Why the Budgeting Process Matters
Numbers, like sales goals, drive action in organizations. But it's the goal-setting process that actually motivates individuals to hit those numbers.
Jan 03, 2018

Why the Budgeting Process Matters

Jan 03, 2018
As Featured In 
Organization Science

"Making" the Numbers: How the Budgeting Process Creates Buy-In

Numbers drive action in organizations. Take a sales goal for example: Sales teams are focused on getting to that number to keep their jobs and win bonuses. But it’s the process of setting that goal that is the key to actually motivating individuals to hit the number, according to new research from the University of Maryland’s Robert H. Smith School of Business.

Christine Beckman, a professor of management and organization, looked at the annual budgeting process for a growing hotel management firm to see how the ritual of the budgeting process itself motivated employees to accept their budget numbers and strive to achieve them.

The researchers spent more than six months shadowing employees, sitting in on meetings, and conducting frank interviews with employees at their workplaces and in their homes. They also poured through numerous spreadsheets and other documents to get a clear picture of the hotel group’s budgeting process. What they found was the annual ritual of middle managers hashing out budget numbers among themselves and with top management created an emotional investment in the final budget numbers. Once these final numbers were “set in stone,” all levels of the organization rallied to meet them and drive growth for the hotel group. The organizational-wide buy-in and the focus on growth also made cheating the system to inflate numbers less likely.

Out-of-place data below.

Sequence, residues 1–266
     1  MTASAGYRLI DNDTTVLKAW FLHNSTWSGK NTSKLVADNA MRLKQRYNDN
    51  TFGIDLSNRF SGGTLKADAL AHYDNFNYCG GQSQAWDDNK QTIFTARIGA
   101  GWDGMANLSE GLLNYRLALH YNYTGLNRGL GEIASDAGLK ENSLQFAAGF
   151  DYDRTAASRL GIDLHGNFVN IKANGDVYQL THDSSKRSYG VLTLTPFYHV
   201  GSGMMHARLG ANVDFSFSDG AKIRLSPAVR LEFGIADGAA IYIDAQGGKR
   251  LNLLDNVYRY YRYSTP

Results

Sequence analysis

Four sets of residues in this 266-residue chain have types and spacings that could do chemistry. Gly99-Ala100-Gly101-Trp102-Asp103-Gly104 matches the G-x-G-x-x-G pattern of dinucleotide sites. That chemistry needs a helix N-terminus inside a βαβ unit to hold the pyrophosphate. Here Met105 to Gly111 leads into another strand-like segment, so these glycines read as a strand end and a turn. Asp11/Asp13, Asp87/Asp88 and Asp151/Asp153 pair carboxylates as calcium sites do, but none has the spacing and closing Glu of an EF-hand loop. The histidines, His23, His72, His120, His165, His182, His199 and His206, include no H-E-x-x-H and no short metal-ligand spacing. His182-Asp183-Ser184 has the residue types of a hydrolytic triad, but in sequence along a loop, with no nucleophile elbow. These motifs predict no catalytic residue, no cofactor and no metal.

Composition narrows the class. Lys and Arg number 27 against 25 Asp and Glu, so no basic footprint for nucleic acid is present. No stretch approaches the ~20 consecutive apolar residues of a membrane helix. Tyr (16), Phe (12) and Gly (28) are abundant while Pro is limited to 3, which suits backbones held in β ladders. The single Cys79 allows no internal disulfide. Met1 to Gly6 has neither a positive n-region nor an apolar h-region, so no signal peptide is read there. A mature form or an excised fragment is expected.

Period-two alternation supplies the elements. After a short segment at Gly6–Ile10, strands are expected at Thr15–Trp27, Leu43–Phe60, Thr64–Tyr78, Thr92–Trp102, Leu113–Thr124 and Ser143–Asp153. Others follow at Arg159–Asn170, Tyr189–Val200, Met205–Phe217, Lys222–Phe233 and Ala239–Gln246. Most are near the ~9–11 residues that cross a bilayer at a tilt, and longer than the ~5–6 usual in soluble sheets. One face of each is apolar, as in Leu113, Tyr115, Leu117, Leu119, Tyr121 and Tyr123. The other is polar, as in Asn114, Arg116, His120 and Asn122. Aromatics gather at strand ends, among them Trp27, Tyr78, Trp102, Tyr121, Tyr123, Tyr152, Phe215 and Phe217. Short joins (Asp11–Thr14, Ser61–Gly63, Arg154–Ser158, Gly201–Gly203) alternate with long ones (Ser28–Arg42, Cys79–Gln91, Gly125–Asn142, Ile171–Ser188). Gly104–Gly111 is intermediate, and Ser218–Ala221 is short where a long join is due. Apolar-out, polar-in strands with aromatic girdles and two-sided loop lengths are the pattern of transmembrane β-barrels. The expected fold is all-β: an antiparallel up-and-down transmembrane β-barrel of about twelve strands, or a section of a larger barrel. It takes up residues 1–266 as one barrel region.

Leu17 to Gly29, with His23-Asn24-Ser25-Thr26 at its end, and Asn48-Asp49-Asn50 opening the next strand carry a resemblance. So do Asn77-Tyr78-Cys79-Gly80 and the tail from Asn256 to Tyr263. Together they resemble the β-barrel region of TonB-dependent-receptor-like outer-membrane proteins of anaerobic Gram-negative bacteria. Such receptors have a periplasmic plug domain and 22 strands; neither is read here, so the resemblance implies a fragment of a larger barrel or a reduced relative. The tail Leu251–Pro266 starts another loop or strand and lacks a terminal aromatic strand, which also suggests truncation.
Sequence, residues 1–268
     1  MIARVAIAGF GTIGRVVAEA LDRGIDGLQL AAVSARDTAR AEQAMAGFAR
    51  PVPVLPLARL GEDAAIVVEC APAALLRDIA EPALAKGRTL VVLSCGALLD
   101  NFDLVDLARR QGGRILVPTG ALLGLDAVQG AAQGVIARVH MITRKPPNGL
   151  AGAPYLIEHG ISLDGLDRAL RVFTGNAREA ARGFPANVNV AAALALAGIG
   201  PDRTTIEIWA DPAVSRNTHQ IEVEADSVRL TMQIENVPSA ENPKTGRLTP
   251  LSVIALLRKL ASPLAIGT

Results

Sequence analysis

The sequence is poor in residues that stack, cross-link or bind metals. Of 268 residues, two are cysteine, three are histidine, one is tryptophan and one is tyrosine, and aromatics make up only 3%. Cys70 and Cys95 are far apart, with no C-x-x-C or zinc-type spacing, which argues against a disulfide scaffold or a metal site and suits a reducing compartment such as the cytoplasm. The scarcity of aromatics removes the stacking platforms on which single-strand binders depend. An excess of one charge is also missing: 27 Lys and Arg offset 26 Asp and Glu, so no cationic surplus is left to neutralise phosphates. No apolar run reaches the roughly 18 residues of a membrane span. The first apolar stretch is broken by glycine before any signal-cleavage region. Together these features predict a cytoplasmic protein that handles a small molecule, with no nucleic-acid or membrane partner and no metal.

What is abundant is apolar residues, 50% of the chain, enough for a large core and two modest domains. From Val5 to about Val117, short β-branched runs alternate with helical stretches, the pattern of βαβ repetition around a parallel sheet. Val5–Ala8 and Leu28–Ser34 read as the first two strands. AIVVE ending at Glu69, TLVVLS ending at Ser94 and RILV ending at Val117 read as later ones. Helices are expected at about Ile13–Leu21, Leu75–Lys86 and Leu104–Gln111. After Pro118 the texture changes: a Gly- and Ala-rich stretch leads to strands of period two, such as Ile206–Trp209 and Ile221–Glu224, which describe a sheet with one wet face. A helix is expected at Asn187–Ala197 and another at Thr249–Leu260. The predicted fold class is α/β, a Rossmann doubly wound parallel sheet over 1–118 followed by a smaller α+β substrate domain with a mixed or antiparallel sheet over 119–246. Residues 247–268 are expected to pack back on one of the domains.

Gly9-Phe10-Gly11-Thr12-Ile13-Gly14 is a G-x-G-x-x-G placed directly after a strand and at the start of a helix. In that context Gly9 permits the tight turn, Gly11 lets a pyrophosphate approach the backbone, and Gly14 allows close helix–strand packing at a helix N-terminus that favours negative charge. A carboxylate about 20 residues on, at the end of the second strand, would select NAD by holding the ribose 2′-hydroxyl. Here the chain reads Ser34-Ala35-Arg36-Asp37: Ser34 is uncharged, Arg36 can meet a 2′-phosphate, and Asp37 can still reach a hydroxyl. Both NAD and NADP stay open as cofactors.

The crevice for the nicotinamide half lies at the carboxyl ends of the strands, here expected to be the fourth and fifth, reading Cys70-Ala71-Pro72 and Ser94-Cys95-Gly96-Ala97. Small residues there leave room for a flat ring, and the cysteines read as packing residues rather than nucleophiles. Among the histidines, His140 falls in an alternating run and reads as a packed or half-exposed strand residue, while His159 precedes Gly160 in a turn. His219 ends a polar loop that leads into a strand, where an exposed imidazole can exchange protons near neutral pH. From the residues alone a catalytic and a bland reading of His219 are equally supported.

Beckman and her co-author say ritualistic organizational processes produce the effect of rallying firm-wide support in pursuit of hitting specific goals that are seen as fair and attainable. Doing the structured work of building the budget and becoming emotionally engaged in the process creates this buy-in. Beyond setting sales goals, they point to forecasting, strategic planning, new market analysis as potential areas where this could happen.

Read more: "Making" Your Numbers: Engendering Organizational Control Through a Ritual of Quantification is featured in Organization Science.

About the Author(s)

Professor Beckman currently serves as Director of the Center of Social Value Creation (CSVC) and as the Smith Diversity Officer. She is an Associate Editor at Administrative Science Quarterly and is a Past Division Chair of the Organization and Management Theory division of the Academy of Management. She was the ADVANCE Professor for 2015-16. She currently teaches doctoral courses in organization and behavioral theory, Implementing Strategy for MBA students, and Social Entrepreneurship for undergraduates.

More in


Understanding Industry Incubation
Who needs products? Many startups thrive below ground, according to research from the Smith School's Rajshree Agarwal.
May 14, 2018
When Traditionalism Helps Innovation
New research from Smith School professor Debra L. Shapiro finds that innovation teams benefit when they include traditionalists and mavericks.
May 10, 2018
The Value of Opposing Viewpoints
Team members aren’t always going to agree with leaders’ goals and strategies. And sometimes, having disagreement among teams is actually ideal for dealing with complex problems.
Apr 30, 2018